The two sides say an interim national unity government will be established, with elections within a year.

By Conal Urquhart and Harriet Sherwood    

The Palestinian Authority president, Mahmoud Abbas (right) and the Palestinian prime minister, Ismail Haniyeh, of Hamas, in 2007. Photograph: Khalil Hamra/AP

Rival Palestinian factions Hamas and Fatah are on the verge of a historic reconciliation which will put them on a collision course with Israel.

A deal between the two organisations, bitter adversaries for four years, was agreed in Cairo on Wednesday after a series of secret meetings brokered by Egypt.

The two sides said “all points of differences have been overcome”, and an interim national unity government would be established, leading to Palestine-wide presidential and parliamentary elections within a year.

The Israeli government immediately sounded the alarm over the prospect of having to deal with Hamas. “The Palestinian Authority must choose either peace with Israel or peace with Hamas. There is no possibility for peace with both,” said prime minister Binyamin Netanyahu.

The US, which hopes to facilitate a peace deal between Israel and the Palestinians this year, reacted cautiously to the news. “The United States supports Palestinian reconciliation on terms which promote the cause of peace. Hamas, however, is a terrorist organisation which targets civilians,” said a spokesman. Any Palestinian government must renounce violence and recognise Israel’s right to exist if it is to play a constructive role, he added.

The details of the deal, expected to be formally signed in Cairo next week, were not spelled out. But Hamas said it included a combined security force and the release of prisoners held by both sides, as well as a unity government and elections.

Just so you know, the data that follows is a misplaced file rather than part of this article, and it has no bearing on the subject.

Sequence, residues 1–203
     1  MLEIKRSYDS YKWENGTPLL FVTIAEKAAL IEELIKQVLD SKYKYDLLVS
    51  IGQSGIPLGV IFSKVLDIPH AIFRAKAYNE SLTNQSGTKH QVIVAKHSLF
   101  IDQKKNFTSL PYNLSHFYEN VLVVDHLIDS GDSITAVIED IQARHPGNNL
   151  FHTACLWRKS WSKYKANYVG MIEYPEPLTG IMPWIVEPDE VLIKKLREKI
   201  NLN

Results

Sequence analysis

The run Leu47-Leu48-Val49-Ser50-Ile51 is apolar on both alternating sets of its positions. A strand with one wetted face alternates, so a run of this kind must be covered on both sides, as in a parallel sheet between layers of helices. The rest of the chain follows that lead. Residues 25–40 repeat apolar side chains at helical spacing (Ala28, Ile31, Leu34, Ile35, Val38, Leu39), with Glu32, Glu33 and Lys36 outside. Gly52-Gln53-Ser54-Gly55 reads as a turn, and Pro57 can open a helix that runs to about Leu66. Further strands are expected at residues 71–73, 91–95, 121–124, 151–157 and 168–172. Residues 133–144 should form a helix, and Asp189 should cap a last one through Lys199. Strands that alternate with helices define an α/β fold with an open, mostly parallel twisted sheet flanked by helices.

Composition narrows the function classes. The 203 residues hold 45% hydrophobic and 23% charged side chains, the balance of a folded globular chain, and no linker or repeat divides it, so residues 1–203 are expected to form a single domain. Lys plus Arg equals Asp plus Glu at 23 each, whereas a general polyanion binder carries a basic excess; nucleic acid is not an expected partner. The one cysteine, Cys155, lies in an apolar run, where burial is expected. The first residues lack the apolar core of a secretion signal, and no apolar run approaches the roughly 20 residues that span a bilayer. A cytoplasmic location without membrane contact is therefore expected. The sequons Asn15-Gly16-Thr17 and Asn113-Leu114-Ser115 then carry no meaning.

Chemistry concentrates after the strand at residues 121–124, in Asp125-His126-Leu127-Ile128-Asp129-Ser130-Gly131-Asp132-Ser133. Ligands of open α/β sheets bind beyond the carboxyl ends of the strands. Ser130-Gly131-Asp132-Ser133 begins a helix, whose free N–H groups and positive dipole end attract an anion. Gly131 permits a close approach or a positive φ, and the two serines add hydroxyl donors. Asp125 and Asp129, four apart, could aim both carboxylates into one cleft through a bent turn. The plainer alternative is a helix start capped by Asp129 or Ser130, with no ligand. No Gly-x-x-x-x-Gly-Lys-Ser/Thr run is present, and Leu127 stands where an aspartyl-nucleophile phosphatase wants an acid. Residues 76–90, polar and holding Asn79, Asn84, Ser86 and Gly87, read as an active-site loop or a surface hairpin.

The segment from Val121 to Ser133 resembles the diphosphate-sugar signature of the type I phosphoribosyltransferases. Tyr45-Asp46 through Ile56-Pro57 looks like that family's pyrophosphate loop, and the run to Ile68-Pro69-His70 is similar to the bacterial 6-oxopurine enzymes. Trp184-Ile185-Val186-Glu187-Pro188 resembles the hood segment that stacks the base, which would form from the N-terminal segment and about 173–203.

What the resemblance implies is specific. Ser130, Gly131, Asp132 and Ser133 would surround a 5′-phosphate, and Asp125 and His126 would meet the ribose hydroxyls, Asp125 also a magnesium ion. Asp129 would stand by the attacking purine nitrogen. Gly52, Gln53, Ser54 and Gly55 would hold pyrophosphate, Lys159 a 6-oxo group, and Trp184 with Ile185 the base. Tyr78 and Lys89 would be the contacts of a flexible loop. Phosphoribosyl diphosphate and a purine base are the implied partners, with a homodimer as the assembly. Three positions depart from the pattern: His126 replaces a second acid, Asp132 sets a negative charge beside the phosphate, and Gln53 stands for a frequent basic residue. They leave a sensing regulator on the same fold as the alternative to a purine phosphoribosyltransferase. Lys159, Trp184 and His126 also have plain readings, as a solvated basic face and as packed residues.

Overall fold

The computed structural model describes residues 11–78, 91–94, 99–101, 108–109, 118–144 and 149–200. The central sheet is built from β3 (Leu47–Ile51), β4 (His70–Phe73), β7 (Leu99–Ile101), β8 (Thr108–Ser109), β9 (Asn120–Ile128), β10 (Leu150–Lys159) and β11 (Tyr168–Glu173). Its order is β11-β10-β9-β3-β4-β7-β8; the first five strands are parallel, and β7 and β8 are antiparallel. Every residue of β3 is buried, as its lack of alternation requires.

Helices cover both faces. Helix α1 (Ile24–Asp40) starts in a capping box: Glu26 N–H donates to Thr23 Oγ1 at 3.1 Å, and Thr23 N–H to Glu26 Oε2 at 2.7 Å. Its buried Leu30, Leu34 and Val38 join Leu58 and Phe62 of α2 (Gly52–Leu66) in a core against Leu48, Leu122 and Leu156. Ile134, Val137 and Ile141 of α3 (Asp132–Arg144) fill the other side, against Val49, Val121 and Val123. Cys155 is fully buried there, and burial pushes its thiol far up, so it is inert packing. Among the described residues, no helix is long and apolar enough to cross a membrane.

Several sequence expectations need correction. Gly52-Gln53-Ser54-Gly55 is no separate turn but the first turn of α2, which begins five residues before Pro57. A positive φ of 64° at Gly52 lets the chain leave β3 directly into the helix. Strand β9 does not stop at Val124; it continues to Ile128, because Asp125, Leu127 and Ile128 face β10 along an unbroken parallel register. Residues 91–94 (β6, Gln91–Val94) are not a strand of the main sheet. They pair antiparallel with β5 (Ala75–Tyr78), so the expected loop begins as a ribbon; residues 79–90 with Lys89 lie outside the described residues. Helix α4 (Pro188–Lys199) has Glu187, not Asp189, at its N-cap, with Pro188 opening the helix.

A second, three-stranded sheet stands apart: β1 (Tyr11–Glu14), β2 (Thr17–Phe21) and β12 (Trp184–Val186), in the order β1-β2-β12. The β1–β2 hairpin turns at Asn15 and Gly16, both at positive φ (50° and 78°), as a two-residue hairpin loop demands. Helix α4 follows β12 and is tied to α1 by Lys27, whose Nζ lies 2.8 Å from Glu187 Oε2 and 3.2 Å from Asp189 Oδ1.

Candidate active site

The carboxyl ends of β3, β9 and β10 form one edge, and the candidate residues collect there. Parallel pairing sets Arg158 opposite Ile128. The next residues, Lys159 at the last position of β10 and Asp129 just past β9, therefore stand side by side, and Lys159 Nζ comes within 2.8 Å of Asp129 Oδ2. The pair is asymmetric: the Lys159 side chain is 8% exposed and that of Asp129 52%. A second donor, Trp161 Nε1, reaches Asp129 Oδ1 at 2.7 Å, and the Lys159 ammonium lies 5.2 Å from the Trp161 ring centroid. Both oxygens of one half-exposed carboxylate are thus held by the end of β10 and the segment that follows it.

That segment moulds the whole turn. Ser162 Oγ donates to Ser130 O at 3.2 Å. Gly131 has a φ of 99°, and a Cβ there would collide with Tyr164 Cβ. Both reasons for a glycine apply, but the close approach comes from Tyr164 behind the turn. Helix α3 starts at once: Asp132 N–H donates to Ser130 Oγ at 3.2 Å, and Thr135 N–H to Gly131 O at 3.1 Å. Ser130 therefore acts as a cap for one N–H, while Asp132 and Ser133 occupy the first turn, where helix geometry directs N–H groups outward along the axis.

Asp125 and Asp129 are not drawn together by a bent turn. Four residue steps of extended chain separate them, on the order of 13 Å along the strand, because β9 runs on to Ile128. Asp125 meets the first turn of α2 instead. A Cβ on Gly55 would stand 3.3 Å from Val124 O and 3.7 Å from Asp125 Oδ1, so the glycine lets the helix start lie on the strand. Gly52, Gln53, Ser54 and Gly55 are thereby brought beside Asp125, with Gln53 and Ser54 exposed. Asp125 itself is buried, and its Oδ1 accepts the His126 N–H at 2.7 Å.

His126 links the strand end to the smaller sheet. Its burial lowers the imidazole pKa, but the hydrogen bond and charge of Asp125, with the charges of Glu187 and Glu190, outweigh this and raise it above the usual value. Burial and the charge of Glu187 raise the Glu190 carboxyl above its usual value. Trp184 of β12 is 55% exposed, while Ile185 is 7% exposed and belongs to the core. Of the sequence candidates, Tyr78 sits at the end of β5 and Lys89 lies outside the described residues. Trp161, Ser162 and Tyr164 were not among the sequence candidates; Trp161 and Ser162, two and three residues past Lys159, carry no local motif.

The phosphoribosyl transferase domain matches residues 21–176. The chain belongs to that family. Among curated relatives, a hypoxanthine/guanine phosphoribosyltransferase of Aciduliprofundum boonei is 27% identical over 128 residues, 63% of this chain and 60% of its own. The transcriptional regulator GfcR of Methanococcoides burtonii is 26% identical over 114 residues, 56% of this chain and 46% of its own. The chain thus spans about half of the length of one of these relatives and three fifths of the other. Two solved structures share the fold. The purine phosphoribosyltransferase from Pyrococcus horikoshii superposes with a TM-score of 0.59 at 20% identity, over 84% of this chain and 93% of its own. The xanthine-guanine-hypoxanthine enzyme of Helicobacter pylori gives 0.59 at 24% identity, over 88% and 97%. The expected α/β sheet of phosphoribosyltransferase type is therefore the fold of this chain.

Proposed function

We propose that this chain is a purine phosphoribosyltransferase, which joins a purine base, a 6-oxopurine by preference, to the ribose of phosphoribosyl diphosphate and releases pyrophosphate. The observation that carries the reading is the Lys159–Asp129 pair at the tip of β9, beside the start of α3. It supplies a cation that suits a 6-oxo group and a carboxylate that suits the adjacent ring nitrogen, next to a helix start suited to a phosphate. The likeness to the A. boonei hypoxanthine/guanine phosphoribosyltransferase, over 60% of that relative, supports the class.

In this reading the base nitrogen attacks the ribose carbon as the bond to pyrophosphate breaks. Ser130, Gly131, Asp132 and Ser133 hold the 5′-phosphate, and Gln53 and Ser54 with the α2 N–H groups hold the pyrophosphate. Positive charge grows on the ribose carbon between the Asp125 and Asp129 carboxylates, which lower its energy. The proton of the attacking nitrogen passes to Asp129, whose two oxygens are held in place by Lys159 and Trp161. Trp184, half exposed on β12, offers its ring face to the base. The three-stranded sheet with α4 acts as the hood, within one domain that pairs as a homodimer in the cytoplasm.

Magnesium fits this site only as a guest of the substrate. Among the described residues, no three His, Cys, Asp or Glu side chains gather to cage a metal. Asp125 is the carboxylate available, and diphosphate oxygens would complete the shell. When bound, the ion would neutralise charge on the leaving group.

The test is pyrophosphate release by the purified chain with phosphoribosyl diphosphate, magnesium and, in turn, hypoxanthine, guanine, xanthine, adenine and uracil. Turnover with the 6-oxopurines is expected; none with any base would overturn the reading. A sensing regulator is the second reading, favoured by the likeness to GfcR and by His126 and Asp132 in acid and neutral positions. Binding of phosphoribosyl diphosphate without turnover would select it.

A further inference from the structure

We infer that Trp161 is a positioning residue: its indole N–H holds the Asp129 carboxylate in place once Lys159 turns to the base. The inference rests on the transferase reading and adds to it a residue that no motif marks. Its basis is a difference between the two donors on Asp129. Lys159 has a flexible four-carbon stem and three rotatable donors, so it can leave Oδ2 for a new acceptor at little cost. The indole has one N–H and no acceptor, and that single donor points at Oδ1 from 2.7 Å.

The unexpected accord follows mounting pressure in Gaza and the West Bank, driven by non-affiliated youth groups, for reconciliation between the factions. Large demonstrations calling for unity were held in March, with more planned for May.

The youth groups were inspired by pro-democracy movements in the region, principally in Egypt, which has close ties to Gaza. The strength of mood alarmed the factions’ leaders, who sought to co-opt the protests in an attempt to contain them.

The deal is likely to be viewed with suspicion by extreme hardline Islamist groups in Gaza, who have accused Hamas of abandoning armed resistance against Israel under its de facto ceasefire agreement. Such groups may try to sabotage the agreement by launching violent attacks on Hamas and Fatah as well as Israel. Read more…

This article was published on guardian.co.uk on Wednesday 27 April 2011. A version appeared on p1 of the Main section section of the Guardian on Thursday 28 April 2011.


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